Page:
The Author, the Liar and the Badminton Champ

 

 

It was sunny when she finally finished that book she was writing.   The one that danced under her skin like nerves on a first date.   The one she dreamed of writing while scratching out rhyming poems with her stubby pencil the words neatly centered in the middle of colored 3 by 5 index cards when she was 5 years old.

The book came to her at the urging of God, a Catholic intervention perhaps?  It was CCD at 6 am on a Thursday where she learned that her knowledge of the bible was next to nothing and not all donuts  were equal.   It was there she made the stifling realization  that Mathew, Mark, Luke or John would be awesome characters in a black comedy or a cult film….. and that they mustn’t have had scissors back then cause Jesus desperately needed a haircut.    The one story she knew was the fish and the loaves of bread and the other that priest told without speaking any words, that wine drinking in the morning is encouraged so long as you pretend its blood.  Yeah this was alright, this could be plot worthy?

Life went on, years went on, wine drinking went on, not a whole lot of writing went on unless it was on the back of a coaster at the bar.   The book had occupied her mind like the flutter of a shuttlecock, dictated by the winds.    It was to be published by age 40 and at this time of writing she was 46…….and a half.

The book, the one she is writing, is the tale of 4 friends and parallels the story of her struggle, a work of fiction, “no, God NO, not a memoir!”  she surmises that a memoir is simply an extension of the thick narcissism which runs high in her  Sicilian DNA, like gambling and a thirst for wine.  What she is writing is a work of fiction.

The story is beautiful, the same way there is beauty in a  heavy weight champion’s bounce,  and beauty in a man tending to a man, quick work of a team doctor’s dab, beauty in the lack of concern as he butterflies that gushing split brow,  beauty in that there is a sport that encourages a knockout,  and highlights it on CNN.

The book she, okay I am writing came from a nugget that was both spiritual and devastating.   It came like a vision through stained glass, shining only on me.   I knew I’d write it at age 21.  I sat in the pew next to only family and  listened just after they played that god awful song “The Wind Beneath my Wings,”   the pain in Bette’s voice mirrored ours,  made our hearts porous and the song somehow sounded less offensive.    We sat in our suits and skirts with the eyes as big as toddlers, staring at the priest fixed and ready for the next song and hand motions to go with it?     It was my brothers funeral he was 29.  He said it twice maybe three times, “his life was taken from him”    but the only words I left hearing were “ We will see him again” said the priest.  I left inspecting every face of every person I passed by for the next week straight.  Cause I believed him.

It took a while to trade playfulness for recklessness.     It often got caught up, that story in me……tossed back and forth, back and forth, over the net, in the net, suspended, lifeless; trapped.    No one views a shuttlecock with much value, I needn’t explain why, the name says it all.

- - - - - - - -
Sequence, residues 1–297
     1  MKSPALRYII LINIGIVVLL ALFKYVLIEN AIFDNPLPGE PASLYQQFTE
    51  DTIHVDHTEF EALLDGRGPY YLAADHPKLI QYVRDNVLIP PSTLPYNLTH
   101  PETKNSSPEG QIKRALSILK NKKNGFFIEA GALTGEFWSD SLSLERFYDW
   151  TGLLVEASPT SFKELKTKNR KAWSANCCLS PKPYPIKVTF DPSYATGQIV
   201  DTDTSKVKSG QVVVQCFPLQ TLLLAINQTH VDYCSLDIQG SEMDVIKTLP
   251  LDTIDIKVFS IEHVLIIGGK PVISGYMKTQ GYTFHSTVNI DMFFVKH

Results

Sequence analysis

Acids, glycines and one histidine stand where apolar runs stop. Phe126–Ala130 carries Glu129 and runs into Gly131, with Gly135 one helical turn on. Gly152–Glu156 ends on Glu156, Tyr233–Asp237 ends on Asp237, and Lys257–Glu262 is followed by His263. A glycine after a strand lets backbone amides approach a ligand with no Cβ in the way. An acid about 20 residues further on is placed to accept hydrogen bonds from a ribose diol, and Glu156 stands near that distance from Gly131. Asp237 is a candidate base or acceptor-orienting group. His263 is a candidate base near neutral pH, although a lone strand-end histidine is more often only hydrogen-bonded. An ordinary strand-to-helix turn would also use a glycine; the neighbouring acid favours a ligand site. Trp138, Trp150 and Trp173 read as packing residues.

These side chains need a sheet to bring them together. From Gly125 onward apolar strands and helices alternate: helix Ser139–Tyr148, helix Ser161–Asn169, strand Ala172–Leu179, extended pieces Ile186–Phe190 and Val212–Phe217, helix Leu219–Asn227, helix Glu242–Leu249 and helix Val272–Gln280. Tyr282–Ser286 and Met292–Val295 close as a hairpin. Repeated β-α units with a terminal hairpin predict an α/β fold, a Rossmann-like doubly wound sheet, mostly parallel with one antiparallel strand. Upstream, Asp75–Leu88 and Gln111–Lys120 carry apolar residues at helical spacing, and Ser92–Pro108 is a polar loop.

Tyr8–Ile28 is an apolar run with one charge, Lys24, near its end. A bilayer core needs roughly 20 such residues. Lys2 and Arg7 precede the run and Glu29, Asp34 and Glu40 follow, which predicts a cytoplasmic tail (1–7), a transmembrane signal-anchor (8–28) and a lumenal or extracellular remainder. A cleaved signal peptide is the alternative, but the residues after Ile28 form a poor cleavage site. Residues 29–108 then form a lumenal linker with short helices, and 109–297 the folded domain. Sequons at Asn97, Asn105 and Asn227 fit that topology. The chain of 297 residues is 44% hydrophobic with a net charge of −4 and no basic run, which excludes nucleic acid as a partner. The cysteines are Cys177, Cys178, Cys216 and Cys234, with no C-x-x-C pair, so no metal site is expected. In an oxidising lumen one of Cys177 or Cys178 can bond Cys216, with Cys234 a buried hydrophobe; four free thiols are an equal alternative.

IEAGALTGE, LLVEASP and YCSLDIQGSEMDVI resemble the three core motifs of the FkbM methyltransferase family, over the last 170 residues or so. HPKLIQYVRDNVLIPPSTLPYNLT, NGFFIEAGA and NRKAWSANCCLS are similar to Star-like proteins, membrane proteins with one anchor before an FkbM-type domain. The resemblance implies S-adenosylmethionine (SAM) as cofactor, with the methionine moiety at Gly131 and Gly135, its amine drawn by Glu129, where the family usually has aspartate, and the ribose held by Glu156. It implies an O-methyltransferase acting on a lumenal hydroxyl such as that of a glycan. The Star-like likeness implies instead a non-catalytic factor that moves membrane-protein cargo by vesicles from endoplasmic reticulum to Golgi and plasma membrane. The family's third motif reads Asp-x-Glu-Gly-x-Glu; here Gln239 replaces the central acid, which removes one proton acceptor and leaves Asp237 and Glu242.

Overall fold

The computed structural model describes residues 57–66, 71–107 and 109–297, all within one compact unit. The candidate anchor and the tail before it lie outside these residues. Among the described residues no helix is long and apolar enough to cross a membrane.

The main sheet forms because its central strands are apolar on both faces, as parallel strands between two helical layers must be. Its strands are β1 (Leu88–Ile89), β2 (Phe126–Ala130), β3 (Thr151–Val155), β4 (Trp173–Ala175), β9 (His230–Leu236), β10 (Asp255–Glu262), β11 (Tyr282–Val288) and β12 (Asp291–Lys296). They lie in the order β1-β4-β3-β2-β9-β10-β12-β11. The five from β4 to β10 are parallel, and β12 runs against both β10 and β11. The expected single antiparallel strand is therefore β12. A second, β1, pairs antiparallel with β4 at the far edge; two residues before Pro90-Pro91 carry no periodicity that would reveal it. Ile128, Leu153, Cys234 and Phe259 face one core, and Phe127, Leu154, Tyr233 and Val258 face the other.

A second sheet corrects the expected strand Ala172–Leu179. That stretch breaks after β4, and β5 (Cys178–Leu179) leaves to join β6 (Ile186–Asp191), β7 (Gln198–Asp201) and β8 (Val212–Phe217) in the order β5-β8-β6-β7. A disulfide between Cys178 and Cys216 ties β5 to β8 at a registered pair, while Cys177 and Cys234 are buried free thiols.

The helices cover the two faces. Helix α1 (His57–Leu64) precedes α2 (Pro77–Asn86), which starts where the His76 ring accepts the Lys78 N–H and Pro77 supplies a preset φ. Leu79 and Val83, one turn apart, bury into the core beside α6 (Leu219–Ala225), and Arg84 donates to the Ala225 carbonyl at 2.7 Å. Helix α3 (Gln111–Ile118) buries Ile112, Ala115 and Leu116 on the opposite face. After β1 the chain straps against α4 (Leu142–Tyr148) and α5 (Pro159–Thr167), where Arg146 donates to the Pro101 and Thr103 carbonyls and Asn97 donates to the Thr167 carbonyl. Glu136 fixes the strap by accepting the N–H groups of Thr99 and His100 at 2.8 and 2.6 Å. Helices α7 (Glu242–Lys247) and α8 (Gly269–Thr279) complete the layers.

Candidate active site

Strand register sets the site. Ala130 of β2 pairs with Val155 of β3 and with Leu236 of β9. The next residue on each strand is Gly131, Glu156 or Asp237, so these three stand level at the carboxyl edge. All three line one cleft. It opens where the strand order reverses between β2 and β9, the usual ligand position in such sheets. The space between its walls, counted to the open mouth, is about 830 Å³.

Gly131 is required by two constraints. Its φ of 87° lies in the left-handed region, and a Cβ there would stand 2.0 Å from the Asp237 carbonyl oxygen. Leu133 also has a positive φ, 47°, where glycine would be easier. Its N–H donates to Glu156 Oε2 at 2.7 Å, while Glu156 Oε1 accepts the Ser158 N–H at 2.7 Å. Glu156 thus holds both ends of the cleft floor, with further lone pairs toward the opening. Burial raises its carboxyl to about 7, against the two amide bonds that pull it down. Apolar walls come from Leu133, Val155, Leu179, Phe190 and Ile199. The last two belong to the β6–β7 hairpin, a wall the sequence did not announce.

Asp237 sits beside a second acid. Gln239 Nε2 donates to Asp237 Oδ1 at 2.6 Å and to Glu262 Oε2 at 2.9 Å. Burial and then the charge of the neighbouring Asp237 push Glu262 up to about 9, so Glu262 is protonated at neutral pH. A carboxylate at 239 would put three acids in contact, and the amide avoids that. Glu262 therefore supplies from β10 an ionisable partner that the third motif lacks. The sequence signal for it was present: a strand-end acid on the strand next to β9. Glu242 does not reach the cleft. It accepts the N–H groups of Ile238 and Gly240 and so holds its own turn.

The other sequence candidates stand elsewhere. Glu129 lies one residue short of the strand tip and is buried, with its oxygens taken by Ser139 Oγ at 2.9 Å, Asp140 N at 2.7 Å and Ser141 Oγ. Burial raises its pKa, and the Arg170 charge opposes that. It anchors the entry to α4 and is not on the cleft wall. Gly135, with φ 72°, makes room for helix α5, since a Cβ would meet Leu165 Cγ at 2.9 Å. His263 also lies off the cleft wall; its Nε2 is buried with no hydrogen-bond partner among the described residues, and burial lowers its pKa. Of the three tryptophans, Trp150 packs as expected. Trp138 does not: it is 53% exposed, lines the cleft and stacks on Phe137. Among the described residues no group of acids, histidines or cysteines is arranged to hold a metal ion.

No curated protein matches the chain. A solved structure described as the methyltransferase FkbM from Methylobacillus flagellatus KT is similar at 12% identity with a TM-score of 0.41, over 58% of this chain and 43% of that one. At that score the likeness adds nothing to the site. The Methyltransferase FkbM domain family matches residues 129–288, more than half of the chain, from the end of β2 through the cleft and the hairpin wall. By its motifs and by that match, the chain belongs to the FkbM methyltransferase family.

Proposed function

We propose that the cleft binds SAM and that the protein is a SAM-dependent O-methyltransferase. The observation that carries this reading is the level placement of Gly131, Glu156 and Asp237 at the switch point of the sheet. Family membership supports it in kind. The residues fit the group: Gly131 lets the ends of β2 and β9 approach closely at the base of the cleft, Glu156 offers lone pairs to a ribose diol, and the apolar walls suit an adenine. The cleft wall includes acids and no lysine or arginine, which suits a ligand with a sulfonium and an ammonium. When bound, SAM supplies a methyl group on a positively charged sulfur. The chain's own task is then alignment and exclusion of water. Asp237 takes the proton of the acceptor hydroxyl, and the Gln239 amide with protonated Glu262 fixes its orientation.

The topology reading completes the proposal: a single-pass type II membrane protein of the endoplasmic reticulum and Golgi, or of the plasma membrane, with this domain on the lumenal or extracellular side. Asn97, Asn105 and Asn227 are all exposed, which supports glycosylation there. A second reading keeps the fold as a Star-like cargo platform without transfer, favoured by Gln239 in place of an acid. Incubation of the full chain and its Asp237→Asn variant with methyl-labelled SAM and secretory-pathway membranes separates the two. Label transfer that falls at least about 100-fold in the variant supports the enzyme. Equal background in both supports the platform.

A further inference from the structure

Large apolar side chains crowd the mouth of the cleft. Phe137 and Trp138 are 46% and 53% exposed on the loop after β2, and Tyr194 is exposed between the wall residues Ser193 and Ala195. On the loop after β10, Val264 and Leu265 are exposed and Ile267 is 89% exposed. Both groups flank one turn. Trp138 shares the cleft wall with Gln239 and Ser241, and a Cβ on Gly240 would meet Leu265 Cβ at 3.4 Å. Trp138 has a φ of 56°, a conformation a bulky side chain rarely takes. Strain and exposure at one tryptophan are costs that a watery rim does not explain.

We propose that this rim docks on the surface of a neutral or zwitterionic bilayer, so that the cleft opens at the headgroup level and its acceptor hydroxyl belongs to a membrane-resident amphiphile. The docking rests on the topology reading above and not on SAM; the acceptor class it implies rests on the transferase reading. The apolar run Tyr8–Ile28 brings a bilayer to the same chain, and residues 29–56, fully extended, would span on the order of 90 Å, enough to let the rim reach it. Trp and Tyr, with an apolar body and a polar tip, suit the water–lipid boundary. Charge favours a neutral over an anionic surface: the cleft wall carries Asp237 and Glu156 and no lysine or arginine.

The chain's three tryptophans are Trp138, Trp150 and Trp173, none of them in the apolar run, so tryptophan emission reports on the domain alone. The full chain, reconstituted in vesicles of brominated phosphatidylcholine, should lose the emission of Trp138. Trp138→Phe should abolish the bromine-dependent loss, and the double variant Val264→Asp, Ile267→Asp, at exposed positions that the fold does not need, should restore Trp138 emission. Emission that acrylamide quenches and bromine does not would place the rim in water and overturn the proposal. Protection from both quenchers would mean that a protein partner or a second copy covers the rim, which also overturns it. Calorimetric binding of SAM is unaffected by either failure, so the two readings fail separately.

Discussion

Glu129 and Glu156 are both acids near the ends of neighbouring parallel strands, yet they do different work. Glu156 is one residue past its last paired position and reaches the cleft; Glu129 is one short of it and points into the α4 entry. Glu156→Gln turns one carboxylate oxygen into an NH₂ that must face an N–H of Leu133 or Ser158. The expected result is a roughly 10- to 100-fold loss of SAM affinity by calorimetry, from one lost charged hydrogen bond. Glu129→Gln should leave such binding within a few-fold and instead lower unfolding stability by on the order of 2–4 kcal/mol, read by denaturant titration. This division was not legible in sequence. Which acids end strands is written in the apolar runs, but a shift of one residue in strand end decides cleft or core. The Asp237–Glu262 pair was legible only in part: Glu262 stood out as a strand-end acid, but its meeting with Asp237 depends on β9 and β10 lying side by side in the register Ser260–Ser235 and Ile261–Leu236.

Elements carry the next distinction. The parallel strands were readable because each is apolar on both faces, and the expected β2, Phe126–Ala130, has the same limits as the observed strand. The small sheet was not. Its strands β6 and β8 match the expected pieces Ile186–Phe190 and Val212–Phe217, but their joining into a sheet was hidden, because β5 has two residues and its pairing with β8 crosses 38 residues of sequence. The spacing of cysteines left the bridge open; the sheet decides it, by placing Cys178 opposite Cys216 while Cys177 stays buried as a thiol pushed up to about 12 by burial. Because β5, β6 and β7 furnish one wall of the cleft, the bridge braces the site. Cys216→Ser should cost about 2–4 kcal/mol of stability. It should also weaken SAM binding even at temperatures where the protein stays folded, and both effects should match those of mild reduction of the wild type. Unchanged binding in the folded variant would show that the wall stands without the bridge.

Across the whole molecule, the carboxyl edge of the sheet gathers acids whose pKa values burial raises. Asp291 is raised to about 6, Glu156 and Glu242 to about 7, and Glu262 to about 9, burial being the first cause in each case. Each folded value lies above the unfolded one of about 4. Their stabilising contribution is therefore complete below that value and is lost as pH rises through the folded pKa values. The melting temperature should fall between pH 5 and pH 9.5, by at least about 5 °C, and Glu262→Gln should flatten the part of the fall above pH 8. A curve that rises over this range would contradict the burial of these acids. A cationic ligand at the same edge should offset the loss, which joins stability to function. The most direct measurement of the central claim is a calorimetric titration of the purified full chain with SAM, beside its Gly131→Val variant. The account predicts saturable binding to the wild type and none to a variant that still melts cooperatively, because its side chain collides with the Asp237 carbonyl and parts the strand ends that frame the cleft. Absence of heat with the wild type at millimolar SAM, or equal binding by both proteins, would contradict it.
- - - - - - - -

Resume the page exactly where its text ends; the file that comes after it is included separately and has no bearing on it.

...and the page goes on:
The more the busyness of life and college and marriage and babies, took root, the more I couldn’t get to that story.  And the more I couldn’t get to that story, the more I needed to.   I needed to write, to feel it, to tell it from my own lips with the care of a parent at bedtime followed by a forehead kiss.     I needed to tell it to the child in myself, the one who still believed in love and fairy tales and Santa Clause, the one who believed in the worth of children who were never told bedtime stories.   I wanted it still but it was inaccessible like a Chinese delicacy.   I wanted to taste it but I also knew after I did, I could never taste it again.

Her story; my story, was her only friend, like the drunk and the bottle.   She wanted it like that.   Most writers subconsciously channel pain to make for richer writing.  But this way,  At least she could decide for herself when to write the chapter of disappointment.         “I’m writing a book,” she would tell people- just to hear the words.  Soon they stopped listening.   Was it a truth or lie, whatever it was, it was as anxiety producing as a muffled scream.  It was as ridiculous as holding in a sneeze.

It was the longest badminton game in history.  It ended up in the Guinness book of World Records.   It was described as the game that divided doubt from belief, dreams from wounds, love from hate.     She could still recall the day she had to stand on the sidelines and decide first where to stake the net,  she practiced  her swing for years, pictured the perfect volley, down to the smell of faint BO and sunscreen, roasted peanuts and beer.    The stadium was filled with people; Brad Pitt and Channing Tatum, Jon Hamm, Joyce Carol Oates and Alice Munro.   She could swear she saw Lucia Berlin, her ghost anyway.  They were watching, they were really watching!    With another sip of water, she swallowed hard and looked around, there was only silence  then the chirp of a single bird, there she was in her back yard alone.

 

 

 

 

 

 

 

 

 

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